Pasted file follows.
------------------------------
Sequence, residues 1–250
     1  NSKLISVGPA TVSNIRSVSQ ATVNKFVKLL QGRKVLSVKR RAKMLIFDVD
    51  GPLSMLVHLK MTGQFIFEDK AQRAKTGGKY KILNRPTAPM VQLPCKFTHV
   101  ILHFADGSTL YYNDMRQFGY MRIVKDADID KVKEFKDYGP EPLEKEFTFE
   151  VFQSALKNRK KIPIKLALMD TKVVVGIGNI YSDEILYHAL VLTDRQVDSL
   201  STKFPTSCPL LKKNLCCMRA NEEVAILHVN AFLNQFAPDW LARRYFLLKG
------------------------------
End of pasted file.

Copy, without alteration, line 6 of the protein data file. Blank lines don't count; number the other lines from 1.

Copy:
   201  STKFPTSCPL LKKNLCCMRA NEEVAILHVN AFLNQFAPDW LARRYFLLKG